Hindleap Warren SAX Regional Event, 3 December

M21S (Course 3), 7.4k/215m, 58:13, 7.9mpk, 3rd/58 C3 finishers.

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7 Comments

  1. some SO members have been putting GPS on RG for several months – Paul Frost (www.ecko.org.uk) who runs for both clubs is a real expert and offers a site to help events do RG and with their GPS.

    There has been some debate about people carrying GPS while competing – general consensus is that without entering all the controls as waypoints, a GPS would give little advantage but pepole still feel that they must not be visible or usable.

  2. … but I guess it is the first time ever someone was been able to import to RG a route recorded a bluetooth gps and cell phone. I know people who might be interested how you did it and what kind of software and hardware you used – and how expensive those are and how much work you had to do to make it work.

  3. I’m not sure I would call myself an expert! But accepted that some people had problems getting RG to work. So after consulting with the developer of RG I set up RouteGadget UK to help increase the use of this excellent application.

    I had tried using an E-Trex Venture GPS to record my route but found the satellite reception not good enough in the forest. Jarkko (the RG developer) told me that he used a Garmin Forerunner and it worked well. So I splashed out and got the Edge 305 (£210) which is the cycling version with a heart rate monitor, it has the advantage of a bigger screen. I have written an article about my use of GPS to record orienteering routes, it is on the EckO website.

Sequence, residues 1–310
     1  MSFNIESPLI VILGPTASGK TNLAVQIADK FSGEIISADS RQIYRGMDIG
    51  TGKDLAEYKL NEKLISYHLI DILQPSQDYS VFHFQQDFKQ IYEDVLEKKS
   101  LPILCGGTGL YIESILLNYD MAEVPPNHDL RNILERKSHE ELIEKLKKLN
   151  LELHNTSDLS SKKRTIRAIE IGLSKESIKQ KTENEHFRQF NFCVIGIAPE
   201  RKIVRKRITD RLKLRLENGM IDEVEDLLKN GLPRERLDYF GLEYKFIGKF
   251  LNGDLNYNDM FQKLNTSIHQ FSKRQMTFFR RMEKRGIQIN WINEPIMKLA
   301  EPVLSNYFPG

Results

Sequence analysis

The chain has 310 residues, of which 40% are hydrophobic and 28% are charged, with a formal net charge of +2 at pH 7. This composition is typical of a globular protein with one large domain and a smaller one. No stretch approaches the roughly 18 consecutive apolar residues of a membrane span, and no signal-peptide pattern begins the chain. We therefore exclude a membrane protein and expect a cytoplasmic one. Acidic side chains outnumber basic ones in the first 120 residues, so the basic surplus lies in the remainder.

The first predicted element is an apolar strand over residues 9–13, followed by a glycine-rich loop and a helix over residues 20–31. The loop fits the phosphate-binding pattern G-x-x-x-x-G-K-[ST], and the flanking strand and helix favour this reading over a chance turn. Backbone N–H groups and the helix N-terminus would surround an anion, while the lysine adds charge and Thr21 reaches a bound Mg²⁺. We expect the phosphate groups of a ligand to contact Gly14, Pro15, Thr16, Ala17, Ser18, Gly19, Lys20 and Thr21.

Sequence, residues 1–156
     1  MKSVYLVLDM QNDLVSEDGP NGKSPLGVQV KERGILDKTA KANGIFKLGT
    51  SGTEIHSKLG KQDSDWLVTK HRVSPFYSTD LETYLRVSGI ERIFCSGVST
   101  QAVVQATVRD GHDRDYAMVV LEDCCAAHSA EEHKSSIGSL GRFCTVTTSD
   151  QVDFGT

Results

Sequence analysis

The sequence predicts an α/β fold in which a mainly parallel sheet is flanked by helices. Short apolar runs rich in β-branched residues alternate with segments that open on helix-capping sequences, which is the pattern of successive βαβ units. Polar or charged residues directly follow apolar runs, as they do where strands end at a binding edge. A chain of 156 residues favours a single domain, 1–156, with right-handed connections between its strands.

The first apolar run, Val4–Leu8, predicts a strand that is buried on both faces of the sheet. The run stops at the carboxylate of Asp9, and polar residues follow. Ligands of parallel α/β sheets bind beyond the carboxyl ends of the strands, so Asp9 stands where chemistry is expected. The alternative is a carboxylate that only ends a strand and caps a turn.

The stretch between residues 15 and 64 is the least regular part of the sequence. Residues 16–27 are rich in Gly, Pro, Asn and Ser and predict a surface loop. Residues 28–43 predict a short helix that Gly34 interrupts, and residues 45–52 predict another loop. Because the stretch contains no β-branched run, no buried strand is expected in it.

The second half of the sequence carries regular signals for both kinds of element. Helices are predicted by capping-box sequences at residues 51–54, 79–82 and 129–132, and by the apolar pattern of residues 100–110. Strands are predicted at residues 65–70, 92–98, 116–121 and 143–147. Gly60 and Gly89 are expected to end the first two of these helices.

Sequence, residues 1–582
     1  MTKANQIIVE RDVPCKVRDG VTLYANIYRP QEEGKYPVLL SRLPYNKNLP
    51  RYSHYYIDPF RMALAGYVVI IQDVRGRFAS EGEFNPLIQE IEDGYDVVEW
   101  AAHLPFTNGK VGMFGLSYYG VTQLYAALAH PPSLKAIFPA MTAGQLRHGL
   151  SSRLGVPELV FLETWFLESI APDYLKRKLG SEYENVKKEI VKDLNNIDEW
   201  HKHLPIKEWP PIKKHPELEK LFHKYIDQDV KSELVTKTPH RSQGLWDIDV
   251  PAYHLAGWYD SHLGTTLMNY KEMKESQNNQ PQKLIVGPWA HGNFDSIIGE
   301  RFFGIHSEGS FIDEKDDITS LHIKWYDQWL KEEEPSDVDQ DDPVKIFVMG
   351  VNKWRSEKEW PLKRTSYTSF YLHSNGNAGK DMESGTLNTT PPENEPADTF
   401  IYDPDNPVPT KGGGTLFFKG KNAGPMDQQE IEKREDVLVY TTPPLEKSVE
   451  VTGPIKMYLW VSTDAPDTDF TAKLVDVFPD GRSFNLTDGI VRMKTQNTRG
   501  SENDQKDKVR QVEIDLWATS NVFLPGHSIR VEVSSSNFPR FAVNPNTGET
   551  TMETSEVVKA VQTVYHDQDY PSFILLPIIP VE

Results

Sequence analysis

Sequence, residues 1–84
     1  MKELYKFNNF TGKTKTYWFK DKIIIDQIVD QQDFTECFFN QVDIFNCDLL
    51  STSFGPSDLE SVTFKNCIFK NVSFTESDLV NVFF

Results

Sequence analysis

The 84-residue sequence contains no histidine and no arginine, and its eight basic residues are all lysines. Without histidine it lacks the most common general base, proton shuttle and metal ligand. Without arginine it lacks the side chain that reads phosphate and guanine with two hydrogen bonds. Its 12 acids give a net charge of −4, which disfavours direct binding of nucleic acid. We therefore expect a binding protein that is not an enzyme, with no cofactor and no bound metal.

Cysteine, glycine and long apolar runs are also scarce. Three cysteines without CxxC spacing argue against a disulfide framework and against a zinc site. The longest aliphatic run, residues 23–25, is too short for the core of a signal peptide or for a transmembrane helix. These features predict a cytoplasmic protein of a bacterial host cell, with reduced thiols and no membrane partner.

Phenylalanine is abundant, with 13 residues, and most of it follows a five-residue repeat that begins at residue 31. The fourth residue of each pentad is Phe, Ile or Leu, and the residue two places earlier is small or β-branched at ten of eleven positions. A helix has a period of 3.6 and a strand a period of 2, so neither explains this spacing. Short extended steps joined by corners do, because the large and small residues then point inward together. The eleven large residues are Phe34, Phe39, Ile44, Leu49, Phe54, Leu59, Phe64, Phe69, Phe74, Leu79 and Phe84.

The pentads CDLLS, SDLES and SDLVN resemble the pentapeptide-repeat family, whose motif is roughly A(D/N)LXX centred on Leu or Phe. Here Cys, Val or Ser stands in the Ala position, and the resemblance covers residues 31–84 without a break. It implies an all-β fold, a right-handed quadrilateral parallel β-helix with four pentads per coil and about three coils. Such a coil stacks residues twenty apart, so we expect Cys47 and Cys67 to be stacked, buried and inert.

What model GPS are you using?
    What software?

  4. Thanks Paul/Jagge/Chris. I’ll write a proper how-i-do-it article shortly.

    In summary, I’m using a Navi GPS (£80) bought from Storage Depot, with an SD memory card (£15) to log the route.

    I download the data as NMEA sentences via a memory card reader and then convert it to GPX with GPS Babel, and then upload it to RouteGadget. I can also convert it to KML for displaying on Google Earth, or use GPS Visualizer to create altitude-coloured images with dots showing each log point.

    I’ve also bought a Holox (£35) off eBay; which, when it arrives, and when Nokia fix a bug in Python S60, I’ll be able to use with my mobile phone recording the data that it sends via Bluetooth. Unlike the Navi GPS, the Holox is ultra-sensitive and very fast at acquiring fixes. I have a Nokia N73 phone, I plan to use NMEA Info to record the data, which a friend has written. I’ve learnt a bit of Python so I’ll be able to hopefully add some orienteering-specific features, e.g. a minimalistic “Sports race” mode, or a “Race start/end” button, to the application.

  5. I’m using a Forerunner 305 and, like Paul, use SportTracks to download my routes. For local events I’ve ocassionaly persuaded the planner to send me the OCAD file (preferably with courses), converted it to JPEG and then imported it in to SportTracks to use as the map image. To-date no-one has objected to me wearing it.

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